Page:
Payments that must be reported include: production entitlements, taxes, royalties, dividends, bonuses, license fees, rental fees, entry fees and other considerations, as well as payments for infrastructure improvements. Both the EU Directive and the Dodd-Frank Act require disclosure when the company has confidentiality agreements with the jurisdiction in which it operates, and even when that jurisdiction legally forbids the disclosure. It remains unclear whether the reporting requirement will extend to payments made to Aboriginal communities.

The EU rapporteur for the new transparency laws said: "The vote today is history in the making. The new rules will be a major new weapon in the global fight against corruption, ensuring that citizens of resource-rich countries can hold their governments to account for the exploitation of their natural resources."

Member States now have two years to adopt law to implement this Directive.

Canada embraces resource extraction transparency

While in London on June 12, 2013, Canadian Prime Minister Steven Harper announced that Canada would be joining other G8 countries in an initiative regarding resource industry transparency. The Prime Minister committed to establish “new mandatory reporting standards for Canadian extractive companies with a view to enhancing transparency on the payments they make to governments”.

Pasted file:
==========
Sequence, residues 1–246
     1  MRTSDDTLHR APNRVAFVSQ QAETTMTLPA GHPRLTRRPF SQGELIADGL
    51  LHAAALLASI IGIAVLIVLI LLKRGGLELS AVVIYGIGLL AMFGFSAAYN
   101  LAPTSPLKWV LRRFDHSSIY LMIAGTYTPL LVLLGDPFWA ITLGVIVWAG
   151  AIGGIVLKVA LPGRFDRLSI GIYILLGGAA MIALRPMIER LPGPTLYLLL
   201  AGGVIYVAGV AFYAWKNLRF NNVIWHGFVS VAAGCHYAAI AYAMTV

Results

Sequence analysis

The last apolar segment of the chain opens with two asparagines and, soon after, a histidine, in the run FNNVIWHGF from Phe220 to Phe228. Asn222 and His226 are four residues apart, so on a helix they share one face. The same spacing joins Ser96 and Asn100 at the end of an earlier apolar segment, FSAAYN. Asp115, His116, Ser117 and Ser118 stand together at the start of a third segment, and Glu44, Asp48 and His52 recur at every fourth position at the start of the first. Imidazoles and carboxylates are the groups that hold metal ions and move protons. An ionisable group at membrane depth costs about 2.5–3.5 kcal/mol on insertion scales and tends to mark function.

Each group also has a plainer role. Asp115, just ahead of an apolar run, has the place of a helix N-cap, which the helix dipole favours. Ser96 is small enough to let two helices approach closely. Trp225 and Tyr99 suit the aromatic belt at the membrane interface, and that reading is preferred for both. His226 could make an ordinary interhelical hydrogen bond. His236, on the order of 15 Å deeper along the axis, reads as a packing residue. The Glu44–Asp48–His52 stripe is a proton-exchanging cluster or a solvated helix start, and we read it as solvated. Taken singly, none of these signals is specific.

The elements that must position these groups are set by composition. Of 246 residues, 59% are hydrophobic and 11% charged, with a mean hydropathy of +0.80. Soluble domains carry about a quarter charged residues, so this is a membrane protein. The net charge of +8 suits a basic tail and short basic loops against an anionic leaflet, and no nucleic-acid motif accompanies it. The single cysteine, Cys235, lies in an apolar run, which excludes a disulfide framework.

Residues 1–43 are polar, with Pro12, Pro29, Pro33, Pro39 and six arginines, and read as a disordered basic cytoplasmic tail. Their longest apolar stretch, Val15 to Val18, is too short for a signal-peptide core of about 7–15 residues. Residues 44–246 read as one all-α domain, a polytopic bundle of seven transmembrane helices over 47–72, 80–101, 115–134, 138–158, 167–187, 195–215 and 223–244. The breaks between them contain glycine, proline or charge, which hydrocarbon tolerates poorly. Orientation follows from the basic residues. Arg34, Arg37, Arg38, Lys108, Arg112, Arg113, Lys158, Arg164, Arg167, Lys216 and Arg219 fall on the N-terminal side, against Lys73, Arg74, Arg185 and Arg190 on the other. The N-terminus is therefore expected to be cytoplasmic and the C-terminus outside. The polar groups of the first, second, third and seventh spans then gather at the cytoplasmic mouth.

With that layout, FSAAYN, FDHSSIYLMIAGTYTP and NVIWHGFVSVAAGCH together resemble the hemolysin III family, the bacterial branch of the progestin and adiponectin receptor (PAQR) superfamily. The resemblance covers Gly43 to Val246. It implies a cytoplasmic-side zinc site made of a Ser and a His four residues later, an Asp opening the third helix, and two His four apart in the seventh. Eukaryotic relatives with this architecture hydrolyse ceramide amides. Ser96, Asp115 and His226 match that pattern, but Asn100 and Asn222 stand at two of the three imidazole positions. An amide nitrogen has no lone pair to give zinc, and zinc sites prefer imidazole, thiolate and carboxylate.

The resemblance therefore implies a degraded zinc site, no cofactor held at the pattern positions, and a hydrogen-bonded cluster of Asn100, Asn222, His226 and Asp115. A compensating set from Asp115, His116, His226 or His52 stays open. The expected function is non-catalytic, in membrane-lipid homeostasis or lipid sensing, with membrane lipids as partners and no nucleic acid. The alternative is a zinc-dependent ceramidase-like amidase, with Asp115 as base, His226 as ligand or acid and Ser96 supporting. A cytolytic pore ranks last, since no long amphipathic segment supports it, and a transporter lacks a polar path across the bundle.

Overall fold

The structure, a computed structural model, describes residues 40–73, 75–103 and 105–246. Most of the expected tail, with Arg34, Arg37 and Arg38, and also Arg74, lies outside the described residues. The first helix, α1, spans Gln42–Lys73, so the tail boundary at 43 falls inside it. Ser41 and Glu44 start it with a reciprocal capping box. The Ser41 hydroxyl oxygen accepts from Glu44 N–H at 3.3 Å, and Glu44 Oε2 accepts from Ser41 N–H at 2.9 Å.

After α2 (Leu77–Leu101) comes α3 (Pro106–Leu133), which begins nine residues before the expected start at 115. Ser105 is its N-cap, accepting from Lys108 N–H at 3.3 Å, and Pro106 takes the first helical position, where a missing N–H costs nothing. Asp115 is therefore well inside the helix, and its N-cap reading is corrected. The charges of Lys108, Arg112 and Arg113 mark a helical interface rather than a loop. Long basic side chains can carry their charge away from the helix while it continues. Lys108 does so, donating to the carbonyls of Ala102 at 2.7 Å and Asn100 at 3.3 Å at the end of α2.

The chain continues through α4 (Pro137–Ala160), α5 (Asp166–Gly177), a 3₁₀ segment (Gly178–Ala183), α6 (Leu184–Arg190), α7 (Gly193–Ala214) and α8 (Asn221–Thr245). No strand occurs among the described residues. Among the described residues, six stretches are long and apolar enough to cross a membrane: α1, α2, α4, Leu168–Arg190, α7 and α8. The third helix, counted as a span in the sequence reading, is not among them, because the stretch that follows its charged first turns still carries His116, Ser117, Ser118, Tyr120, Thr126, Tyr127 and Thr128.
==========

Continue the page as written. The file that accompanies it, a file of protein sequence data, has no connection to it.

The announcement out of the Prime Minister’s office stated that: “The new reporting regime will be established with a view to: improving transparency; ensuring Canada’s framework is consistent with existing international standards and aligned with other G-8 countries; ensuring a level playing field for companies operating domestically and abroad; enhancing investment certainty; helping reinforce the integrity of Canadian extractive companies; and, helping to ensure that citizens around the world benefit from the natural resources in their country.”